Miss Elizabeth Gamble, how does your garden grow? With sweet peas and violas and hybrid irises all in a row.
This remixed nursery rhyme rings true in the flower beds at Gamble Garden in Palo Alto. The grounds teem with new life year-round thanks to nonprofit staff and volunteers, but one bloom opens up a piece of the estate's history the Elizabeth Gamble iris. Named after Miss Gamble herself, this iridescent blue, bearded iris comes to life mid-spring, spreading its slight sweet fragrance around the garden for guests to enjoy.
Miss Gamble, the granddaughter of the co-founder of Procter & Gamble Co., spent most of her adult life in the Gamble house and, in 1971, gave the estate to the City of Palo Alto. After Miss Gamble's death in 1981, the estate was leased to the nonprofit Elizabeth F. Gamble Garden. The nonprofit continues the garden-loving nature and memory of its previous owners by growing the iris from which the nonprofit derives its name and logo.
The hybrid variety with Miss Gamble's name was created by her longtime friend and hybridizer Lois O'Brien, says Vanessa Roach, executive director of Elizabeth F. Gamble Garden. It combines the Blue on Parade, Columbia Blue and Portrait of Larrie varieties to produce the ruffled, blue-tipped blossom, according to The American Iris Society Iris Encyclopedia.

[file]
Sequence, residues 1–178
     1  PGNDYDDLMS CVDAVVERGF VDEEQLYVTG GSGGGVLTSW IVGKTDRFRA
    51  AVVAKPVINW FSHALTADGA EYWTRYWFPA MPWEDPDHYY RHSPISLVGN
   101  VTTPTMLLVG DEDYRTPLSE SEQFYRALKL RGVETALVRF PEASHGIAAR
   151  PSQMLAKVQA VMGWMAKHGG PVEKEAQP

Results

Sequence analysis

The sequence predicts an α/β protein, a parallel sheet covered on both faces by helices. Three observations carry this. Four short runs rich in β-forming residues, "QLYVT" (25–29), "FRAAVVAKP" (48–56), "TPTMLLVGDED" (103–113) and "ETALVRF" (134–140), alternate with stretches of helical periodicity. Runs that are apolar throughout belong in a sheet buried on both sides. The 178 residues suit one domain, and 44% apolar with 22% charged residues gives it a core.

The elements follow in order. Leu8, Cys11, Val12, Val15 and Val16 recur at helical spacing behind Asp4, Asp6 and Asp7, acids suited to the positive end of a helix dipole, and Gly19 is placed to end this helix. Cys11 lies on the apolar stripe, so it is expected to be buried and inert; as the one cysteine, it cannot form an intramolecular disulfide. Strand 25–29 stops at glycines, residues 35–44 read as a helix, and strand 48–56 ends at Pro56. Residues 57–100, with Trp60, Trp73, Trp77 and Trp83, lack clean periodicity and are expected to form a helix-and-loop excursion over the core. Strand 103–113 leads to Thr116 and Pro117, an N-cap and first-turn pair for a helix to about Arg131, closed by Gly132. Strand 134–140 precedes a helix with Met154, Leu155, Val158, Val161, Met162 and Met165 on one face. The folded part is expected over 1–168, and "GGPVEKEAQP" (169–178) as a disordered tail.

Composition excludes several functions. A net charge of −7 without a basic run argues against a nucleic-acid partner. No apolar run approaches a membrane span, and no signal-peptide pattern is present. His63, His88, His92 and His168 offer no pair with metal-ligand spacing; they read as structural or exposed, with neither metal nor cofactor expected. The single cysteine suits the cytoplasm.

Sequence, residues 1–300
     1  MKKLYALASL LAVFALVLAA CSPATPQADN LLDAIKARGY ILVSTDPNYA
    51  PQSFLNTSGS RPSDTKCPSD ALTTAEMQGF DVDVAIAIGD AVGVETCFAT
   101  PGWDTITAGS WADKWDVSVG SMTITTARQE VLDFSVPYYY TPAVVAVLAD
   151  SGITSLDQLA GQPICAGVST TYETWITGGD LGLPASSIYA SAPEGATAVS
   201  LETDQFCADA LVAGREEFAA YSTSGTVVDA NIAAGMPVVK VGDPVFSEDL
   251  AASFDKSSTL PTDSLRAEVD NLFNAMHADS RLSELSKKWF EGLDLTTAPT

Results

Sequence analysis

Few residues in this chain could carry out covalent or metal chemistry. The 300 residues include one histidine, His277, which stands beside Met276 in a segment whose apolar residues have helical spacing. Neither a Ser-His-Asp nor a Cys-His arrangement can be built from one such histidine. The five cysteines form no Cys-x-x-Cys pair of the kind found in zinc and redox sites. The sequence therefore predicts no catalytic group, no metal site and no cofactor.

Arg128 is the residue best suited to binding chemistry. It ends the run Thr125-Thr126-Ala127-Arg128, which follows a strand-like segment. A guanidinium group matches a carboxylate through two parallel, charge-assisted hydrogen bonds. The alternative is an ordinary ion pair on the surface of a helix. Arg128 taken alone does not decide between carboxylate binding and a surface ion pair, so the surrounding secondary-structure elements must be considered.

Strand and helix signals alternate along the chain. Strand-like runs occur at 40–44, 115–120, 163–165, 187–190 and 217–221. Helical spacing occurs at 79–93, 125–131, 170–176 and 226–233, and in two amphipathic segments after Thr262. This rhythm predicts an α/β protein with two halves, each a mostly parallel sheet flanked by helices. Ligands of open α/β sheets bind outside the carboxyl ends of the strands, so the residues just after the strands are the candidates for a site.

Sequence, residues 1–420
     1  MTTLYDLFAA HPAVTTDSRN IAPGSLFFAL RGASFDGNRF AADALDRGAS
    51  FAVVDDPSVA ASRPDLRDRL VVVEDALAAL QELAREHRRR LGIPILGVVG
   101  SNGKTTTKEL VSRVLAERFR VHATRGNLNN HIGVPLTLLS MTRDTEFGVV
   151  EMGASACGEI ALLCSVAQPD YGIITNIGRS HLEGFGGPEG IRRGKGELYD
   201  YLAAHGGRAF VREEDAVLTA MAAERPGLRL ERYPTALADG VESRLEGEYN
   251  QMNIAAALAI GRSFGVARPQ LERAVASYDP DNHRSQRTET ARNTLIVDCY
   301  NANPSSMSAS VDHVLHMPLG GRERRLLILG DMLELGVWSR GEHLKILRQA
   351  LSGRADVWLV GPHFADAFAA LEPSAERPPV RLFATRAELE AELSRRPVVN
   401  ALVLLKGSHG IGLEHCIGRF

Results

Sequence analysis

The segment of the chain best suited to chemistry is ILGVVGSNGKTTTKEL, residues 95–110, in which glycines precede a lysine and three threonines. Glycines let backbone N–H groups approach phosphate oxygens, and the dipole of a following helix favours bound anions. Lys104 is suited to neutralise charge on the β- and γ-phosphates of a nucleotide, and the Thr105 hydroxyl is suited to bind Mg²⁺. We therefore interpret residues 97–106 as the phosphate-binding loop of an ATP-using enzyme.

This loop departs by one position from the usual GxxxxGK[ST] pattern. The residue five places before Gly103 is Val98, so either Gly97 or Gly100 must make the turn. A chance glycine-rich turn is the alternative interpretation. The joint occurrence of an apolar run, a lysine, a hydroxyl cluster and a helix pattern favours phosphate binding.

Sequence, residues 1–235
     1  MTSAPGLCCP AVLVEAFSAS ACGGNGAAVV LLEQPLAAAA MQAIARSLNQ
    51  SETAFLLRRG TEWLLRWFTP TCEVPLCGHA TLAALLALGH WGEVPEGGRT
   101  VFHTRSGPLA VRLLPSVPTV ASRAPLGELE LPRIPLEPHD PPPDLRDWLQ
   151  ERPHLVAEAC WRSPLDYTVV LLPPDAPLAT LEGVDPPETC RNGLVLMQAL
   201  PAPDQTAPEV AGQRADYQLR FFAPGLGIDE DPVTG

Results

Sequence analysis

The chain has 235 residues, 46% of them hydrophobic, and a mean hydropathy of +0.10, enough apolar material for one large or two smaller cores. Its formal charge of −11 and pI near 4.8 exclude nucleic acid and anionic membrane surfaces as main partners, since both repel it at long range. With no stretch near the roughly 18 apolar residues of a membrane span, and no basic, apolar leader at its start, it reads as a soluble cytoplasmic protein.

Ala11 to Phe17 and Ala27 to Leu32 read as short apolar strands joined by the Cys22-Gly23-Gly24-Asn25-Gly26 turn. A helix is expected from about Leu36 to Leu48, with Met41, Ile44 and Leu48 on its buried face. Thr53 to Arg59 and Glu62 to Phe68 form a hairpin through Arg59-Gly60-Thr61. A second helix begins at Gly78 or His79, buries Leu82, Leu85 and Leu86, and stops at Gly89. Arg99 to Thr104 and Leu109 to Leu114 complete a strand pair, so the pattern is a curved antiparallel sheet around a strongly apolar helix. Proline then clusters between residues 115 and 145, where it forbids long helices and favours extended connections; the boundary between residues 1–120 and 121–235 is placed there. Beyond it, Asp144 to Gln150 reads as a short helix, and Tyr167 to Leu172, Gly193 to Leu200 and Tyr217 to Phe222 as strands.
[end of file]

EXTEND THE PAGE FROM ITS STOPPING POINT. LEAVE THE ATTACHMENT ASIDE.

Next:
While this hybrid flower is unique, thousands of iris types exist, and hundreds are being created each year, says Mary Collins, San Jose Master Gardener and treasurer of the Clara B. Rees Iris Society. Each iris grows from a rhizome, or thick stem, that can be planted in the late summer through early fall, and will bloom according to its type sometime in the spring, Collins says. The plant thrives on six to eight hours of daily sun and can be planted outside or in at least a 2-gallon pot. Collins says that the plant needs to be kept damp, but that local, average rainfall will sustain the plant just fine throughout the winter. All of these rules apply to the Elizabeth Gamble iris.
Other beardless blooms that grow well in the area include Japanese, Louisiana, Pacific Coast, Siberian or Spuria, according to Collins.
"I like them because they are beautiful," Collins says, "and easy to grow!"
This article appeared in print in the Fall Home + Garden Design 2015 publication.